New York

For NYC families, the launch of COVID-19 vaccines for toddlers means visiting Grandma and Grandpa again

For kids, the day meant stuffed animals, stickers and Starbursts. For parents, toddlers getting vaccinated against COVID-19 meant far more — the chance to renew ties with family and get back to the world after a two-year wait.

On Wednesday, parents wheeled and wheedled New York’s somewhat oblivious youngest residents as the city launched its COVID vaccine program for kids younger than 5.


Max Bookman, 34, and his daughter Cara, 2, of the Upper East Side, were among the first in line. Bookman has been waiting her whole life for this moment: Cara has never been to a grocery store and has never visited the city’s world-renowned museums.

“We completely trust the experts, trust the vaccine,” Bookman, a lawyer, said. “We’re just looking to get back to a sense of normalcy.”


The city’s vaccine rollout for the last unvaccinated age group in the U.S. began with the opening of 10 city-run sites across the five boroughs, after federal health officials gave the green light last week for the Pfizer and Moderna vaccines to be distributed. The vaccine will also be available at a broad array of locations in the days to come.

Jay Wain, 39, of the Upper West Side, came to the Times Square clinic with her two daughters, ages 4 and 1, sporting matching red-and-blue outfits.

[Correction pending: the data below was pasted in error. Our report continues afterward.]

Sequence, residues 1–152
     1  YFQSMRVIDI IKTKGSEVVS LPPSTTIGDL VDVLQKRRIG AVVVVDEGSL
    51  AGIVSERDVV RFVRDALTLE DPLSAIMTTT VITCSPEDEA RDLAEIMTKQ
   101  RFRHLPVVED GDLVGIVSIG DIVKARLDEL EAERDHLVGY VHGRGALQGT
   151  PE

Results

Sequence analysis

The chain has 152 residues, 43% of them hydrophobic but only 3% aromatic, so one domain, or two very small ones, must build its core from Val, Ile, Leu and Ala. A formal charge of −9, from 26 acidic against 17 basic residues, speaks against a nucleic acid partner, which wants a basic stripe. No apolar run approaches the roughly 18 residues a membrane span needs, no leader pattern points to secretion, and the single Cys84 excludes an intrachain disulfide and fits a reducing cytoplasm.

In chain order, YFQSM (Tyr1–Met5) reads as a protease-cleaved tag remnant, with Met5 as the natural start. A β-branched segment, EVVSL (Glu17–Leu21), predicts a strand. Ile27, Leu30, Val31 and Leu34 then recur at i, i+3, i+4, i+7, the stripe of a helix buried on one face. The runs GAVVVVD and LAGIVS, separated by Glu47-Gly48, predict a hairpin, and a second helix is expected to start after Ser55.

With the vaccine’s protection, her family will finally visit their native England this summer, where they will see the children’s grandparents for the first time in three years. And with an immunity boost from the shot, she feels more comfortable sending them on playdates and off to school.

“I know some people think that, ‘Oh, this doesn’t have enough efficacy,’ but I think for me what made me decide to be here, the first thing, is to get some degree of normalcy back in our lives,” Wain said.

For those less eager, city officials encouraged parents apprehensive about the vaccine to reach out to the city’s vaccine hotline — (877) VAX-4NYC — as well as to their pediatricians. Mayer Adams, who attended the opening of the Times Square clinic, told reporters he and the city Health Department may host two virtual town hall events to educate parents on the vaccine.

A recent Kaiser Family Foundation poll found that just 1 in 5 parents of kids younger than 5 are eager to get their child vaccinated right away — and that more than a quarter of parents don’t plan on giving their kids the shots.

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Katrice Bryson, 41, an immunocompromised stay-at-home mother of two in Hamilton Heights, said that vaccine availability for her autistic 3-year-old son means that she’ll finally be send her tot to pre-K for the first time.


“He needs to go to school,” Bryson said. “He’s been with me for so long. … We’re still in a pandemic, but I feel a little bit better that he’ll be vaccinated.”

The city has received about 20,000 doses of the pediatric vaccine so far, according to city Health Commissioner Ashwin Vasan, and another shipment is expected soon. The city-run sites offer the shot only to the young kids, not their older siblings or parents, and they will be open for the next two months.

“We’ve been waiting two and a half years for this moment to protect our littlest ones,” Vasan told reporters at the opening of the Times Square location. “The vaccine is safe. It’s effective against COVID-19 and against its most severe complications. … This is a great day. It’s a great day for our city. It’s a great day for our country.”